Nonmedical Anabolic-Androgenic Steroid Use: Prevalence, Attitudes, and Social Perception
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It is important that trends in the prevalence of illicit anabolic-androgenic steroid (AAS) use are monitored and understood globally in order to avert this public health problem. This necessitates the extension of research into AAS use to currently under-represented regions or contexts such as Africa. Additionally, although some studies have investigated the social perceptions of the personality of AAS users and nonusers through experimental designs, there is a dearth of experimental investigations of the social perceptions of the personality traits (Five-Factor Model) associated with AAS-using individuals and nonusers as well as users of ergogenic aids such as erythropoietin (EPO) and protein powder. Three investigations were conducted to elucidate the gaps in the literature noted above. The first aim was to estimate the global lifetime prevalence rate of AAS use and investigate moderators of the prevalence rate. The second aim was to explore the attitudes of Ghanaian high school students towards AAS use. The third aim was to investigate observer perceptions of the personality of AAS users in comparison with an EPO user, a protein powder user, and a nonuser of these performance-enhancing methods. A meta-analysis and a meta-regression analysis were performed to achieve the first aim. Included were 187 studies that provided original data on 271 lifetime prevalence rates. Studies were gathered from searches in PsycINFO, PubMed, ISI Web of Science, and Google Scholar among others. Heterogeneity was assessed by the I2 index and the Q-statistic. Random effect-size modeling was used. The global lifetime prevalence rate obtained was 3.3%. The prevalence rate for males, 6.4%, was significantly higher than the rate for females, 1.6%. Results of the meta-regression analysis indicated that athletes were associated with higher prevalence compared to high school students. Additionally, interview only studies had higher prevalence whereas studies combining interviews and questionnaires had lower prevalence (compared to questionnaire only studies). Sampling method (nonrandom) had a significant positive association with AAS use prevalence. Moreover, male sample percentage (lower than 75%) was associated with lower prevalence compared to studies with percentage of males not provided. The second study involved a cross-sectional survey of 2,597 (1,146 male and 1,412 female) high school students in Ghana. The response rate was 96.8%. Participants’ ages ranged between 11 to 35 years (M = 17.2, SD = 1.4). In addition to questions about nonmedical AAS use, participants answered questions about demography and sports participation. Standard descriptive statistics and multinomial logistic regression were used to analyze the data. The lifetime prevalence of AAS use was 3.8% (4.9% for males and 3.1% for females). Moreover, 18.5% admitted that they had an acquaintance that had used or did use AAS while 6.0% of the sample disclosed that they had been offered AAS previously. However, no valid AAS name was provided by users. Use and contemplation to use AAS was also significantly higher among males, teenagers, athletes (versus recreational sportspeople and nonathletes), and ball game players (versus other sports). Participation in martial arts, and swimming had significant negative association with AAS use attitudes. Conversely, female gender, living alone, religiosity, and participation in jogging had significant positive association with AAS use attitudes. Study 3 was an experimental investigation of ratings of the perceived personality (Five-Factor Model) of an AAS-using protagonist, an EPO-using protagonist, a protein powder-using protagonist and a nonuser of any of these ergogenic aids. The sample included 328 (236 females) non-substance use students drawn from three institutions of higher education in Norway. Participants were aged between 18 and 52 years (M = 21.88, SD = 4.13) and were randomly allocated into four separate experimental conditions: food (n = 82), protein powder (n = 83), erythropoietin (n = 83), and AAS (n = 80). In all four conditions, participants were similar in number, age, and gender distribution. They rated their protagonist on the NEO Five-Factor Inventory (NEO FFI). Multivariate analysis of variance was used to analyze the data. In line with our prediction, results showed that the food protagonist was perceived as least neurotic whereas the AAS and EPO protagonists were rated as similar on neuroticism. The food and protein powder protagonists were perceived as similar on openness although higher than the EPO protagonist. Protagonists of the ergogenic aids were perceived as less agreeable than the food protagonist. Although subject to some limitations, the results indicate that nonmedical AAS use is a serious widespread public health problem. The results also suggest a high prevalence of use and intent to use AAS among high school students in Ghana. Furthermore, the results indicate that a perception of AAS use has a negative effect on perception of the personality or social image of the user. Findings from these studies add to the existing knowledge on nonmedical AAS use. They may also be useful for public health interventions and clinical work involving AAS users.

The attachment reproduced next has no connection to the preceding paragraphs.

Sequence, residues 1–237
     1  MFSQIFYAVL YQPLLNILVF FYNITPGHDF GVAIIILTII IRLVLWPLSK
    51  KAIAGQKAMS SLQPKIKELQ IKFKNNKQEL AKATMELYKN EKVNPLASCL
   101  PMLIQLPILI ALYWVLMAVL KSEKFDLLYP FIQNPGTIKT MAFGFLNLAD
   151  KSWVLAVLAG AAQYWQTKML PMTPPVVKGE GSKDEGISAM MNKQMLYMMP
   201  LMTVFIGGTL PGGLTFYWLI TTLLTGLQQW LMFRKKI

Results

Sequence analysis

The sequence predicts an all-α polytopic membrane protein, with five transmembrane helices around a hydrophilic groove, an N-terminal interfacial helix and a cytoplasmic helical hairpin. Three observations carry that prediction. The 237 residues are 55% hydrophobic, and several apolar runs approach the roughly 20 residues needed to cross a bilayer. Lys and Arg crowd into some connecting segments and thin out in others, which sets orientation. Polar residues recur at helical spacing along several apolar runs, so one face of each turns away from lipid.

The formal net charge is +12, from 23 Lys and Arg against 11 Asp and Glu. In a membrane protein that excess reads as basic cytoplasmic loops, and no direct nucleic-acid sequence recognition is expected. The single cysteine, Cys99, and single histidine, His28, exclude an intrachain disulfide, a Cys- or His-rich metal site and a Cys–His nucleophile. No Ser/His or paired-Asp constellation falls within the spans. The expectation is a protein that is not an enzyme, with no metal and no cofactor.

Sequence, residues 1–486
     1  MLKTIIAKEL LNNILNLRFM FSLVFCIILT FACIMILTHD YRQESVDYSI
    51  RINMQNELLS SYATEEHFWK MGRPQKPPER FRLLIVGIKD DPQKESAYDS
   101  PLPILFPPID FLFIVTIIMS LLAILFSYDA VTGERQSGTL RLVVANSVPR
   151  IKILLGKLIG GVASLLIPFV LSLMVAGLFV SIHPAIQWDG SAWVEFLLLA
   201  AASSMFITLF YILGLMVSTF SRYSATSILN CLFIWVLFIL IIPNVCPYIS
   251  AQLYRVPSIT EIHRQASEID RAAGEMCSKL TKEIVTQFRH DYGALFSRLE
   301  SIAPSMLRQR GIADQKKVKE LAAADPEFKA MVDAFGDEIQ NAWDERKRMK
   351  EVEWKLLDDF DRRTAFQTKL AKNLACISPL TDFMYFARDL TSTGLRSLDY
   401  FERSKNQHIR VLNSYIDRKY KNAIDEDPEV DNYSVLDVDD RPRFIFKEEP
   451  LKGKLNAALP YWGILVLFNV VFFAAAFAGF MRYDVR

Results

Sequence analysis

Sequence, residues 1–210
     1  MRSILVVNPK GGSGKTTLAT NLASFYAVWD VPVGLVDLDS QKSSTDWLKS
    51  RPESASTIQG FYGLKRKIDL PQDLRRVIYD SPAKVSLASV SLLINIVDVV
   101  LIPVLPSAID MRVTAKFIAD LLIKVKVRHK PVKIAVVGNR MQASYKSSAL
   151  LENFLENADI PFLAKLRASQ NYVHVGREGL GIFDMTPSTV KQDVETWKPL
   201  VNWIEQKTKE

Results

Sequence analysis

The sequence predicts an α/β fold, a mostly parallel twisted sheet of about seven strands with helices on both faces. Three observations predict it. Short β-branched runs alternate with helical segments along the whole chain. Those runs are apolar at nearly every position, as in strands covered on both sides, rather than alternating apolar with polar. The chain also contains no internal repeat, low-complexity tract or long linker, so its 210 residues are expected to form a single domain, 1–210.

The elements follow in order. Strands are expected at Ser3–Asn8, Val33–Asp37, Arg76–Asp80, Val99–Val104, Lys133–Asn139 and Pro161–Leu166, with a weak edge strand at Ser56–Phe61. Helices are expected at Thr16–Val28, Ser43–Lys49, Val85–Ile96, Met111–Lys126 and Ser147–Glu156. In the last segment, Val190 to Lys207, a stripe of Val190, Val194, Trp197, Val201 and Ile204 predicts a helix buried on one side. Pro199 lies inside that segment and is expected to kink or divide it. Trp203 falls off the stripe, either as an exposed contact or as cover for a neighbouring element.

Paper I: Sagoe, D., Molde, H., Andreassen, C.S., Torsheim, T., & Pallesen, S. (2014). The global epidemiology of anabolic-androgenic steroid use: A meta-analysis and meta-regression analysis. Annals of Epidemiology, 24, 383–398. All rights reserved. Full-text not available. The published version is available at: http://dx.doi.org/10.1016/j.annepidem.2014.01.009Paper II: Sagoe, D., Torsheim, T., Molde, H., Andreassen, C.S., & Pallesen, S. (in press). Attitudes towards use of anabolic-androgenic steroids among Ghanaian high school students. International Journal of Drug Policy, Full-text not available. The published version is available at: http://dx.doi.org/10.1016/j.drugpo.2014.10.004Paper III: Sagoe, D., Huang, K., Molde, H., Andreassen, C.S., & Pallesen, S. Perceived anabolic-androgenic steroid use is associated with perceived neuroticism. Manuscript submitted for publication. Full-text not available.
PublisherThe University of Bergen